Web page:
The Electrolux Group announced it set two new ambitious targets to reduce greenhouse gas emissions. This effort is in support of the Paris climate agreement. Both approved by the Science Based Targets initiative, thereby making Electrolux one of the first 100 companies to join this collaboration against climate change.
Most noteworthy, Electrolux has committed to reducing its greenhouse gas emissions. They expect to cut from operations by 80%. Also, cutting emissions from products by 25% by 2025 (base year 2015).
These targets, reviewed and approved by the Science Based Targets initiative. This is a collaboration between many organizations. First off, the CDP, the United Nations Global Compact, World Resources Institute (WRI) and the World Wildlife Fund for Nature (WWF). Hence, this helps companies decide a pathway to reduce emissions. Also, it’s in line with the Paris Agreement’s goals. Those goals are limiting global warming to well below 2°C above pre-industrial levels.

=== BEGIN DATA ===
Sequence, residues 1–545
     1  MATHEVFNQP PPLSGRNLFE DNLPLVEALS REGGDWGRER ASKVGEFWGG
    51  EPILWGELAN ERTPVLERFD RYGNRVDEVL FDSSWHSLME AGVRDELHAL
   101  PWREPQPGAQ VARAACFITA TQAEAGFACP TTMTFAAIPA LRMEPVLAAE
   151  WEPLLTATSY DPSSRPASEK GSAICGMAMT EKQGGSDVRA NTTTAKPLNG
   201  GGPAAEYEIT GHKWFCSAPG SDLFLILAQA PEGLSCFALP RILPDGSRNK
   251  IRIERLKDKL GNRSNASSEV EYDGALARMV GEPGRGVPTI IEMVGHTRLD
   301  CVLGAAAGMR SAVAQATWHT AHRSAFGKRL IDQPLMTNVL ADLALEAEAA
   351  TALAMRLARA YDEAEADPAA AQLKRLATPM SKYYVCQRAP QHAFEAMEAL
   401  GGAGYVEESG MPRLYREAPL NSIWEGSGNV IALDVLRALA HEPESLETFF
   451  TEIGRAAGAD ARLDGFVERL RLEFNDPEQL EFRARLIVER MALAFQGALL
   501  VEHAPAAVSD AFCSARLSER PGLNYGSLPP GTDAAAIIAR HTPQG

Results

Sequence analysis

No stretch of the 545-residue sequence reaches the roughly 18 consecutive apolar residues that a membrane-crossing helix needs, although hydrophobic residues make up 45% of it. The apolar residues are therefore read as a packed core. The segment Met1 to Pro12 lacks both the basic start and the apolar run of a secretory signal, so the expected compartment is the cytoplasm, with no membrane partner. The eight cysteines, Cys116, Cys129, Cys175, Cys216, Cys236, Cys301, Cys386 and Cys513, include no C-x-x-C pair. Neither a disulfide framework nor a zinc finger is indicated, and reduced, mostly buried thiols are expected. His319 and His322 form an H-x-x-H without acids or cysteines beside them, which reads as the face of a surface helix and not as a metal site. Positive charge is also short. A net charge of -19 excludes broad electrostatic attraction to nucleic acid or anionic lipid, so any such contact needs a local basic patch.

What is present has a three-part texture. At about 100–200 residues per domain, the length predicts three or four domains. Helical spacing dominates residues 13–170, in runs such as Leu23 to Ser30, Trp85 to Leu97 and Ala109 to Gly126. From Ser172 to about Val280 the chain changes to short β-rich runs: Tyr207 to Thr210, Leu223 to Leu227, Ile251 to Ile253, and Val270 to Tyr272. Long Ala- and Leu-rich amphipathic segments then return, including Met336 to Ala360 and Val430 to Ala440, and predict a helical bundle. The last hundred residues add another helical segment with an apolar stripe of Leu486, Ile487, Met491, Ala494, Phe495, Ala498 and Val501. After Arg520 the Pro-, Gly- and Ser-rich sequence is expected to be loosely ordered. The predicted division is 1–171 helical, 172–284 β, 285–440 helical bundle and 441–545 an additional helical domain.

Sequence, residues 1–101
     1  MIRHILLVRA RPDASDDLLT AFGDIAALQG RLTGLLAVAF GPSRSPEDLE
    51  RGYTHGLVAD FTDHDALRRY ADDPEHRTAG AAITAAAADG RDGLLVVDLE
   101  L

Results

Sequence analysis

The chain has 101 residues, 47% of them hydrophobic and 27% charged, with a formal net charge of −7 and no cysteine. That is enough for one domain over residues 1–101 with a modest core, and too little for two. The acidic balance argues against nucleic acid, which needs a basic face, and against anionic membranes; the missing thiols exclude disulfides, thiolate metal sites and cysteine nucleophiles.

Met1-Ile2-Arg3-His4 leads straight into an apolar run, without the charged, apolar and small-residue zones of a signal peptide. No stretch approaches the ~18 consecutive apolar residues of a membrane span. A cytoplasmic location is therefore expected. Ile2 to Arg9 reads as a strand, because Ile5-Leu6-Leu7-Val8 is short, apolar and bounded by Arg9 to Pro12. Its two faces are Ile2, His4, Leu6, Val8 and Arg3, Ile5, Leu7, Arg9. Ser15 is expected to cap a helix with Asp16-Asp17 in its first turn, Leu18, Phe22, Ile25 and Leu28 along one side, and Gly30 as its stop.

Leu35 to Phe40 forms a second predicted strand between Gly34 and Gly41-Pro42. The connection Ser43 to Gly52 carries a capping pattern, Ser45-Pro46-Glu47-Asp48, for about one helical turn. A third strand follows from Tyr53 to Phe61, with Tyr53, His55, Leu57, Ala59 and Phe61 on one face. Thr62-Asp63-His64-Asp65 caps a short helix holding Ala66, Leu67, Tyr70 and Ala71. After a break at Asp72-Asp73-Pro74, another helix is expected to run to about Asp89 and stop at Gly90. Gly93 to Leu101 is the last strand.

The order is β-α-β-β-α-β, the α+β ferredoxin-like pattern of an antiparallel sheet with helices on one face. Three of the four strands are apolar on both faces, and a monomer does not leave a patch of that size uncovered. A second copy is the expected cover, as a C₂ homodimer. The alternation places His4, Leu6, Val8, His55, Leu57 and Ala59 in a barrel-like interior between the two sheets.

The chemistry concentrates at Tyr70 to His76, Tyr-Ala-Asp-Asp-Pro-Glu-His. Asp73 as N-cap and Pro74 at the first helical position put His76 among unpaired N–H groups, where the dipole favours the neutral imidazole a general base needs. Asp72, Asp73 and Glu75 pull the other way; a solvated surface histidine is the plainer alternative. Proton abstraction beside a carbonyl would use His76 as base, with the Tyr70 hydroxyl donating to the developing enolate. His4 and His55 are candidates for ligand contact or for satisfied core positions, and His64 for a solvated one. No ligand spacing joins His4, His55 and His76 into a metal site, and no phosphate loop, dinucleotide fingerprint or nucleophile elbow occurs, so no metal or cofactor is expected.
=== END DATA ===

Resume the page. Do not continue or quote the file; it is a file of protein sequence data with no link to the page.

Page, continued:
Seems as if the company is very proud. To be part of the Science Based Targets initiative is big. These are ambitious climate targets for 2025. So they are strengthening their commitment as a sustainability leader. This came from Jonas Samuelson, Electrolux President and CEO. “This is a natural addition to our target for an overall 50% reduction of carbon emissions from 2005 to 2020.”
Seems like they will meet their targets by driving product efficiency. Thereby, eliminating high-impact greenhouse gases from products. Also, they focus on renewable energy sources for operations. Most important they aim to increase the share of those sources to 50% by 2020.
Alberto Carrillo Pineda, Director, Science-Based Targets and Renewable Energy at CDP, said: “We applaud Electrolux for setting a science-based target, being one of the companies to help take the initiative over the 100 approved targets mark. By taking this step, they are not only climate-proofing their operations, but also helping reduce emissions for the millions of customers served by the company through their products. Therefore, this shows what widespread impact global corporations can have in leading the way to a low-carbon future.”
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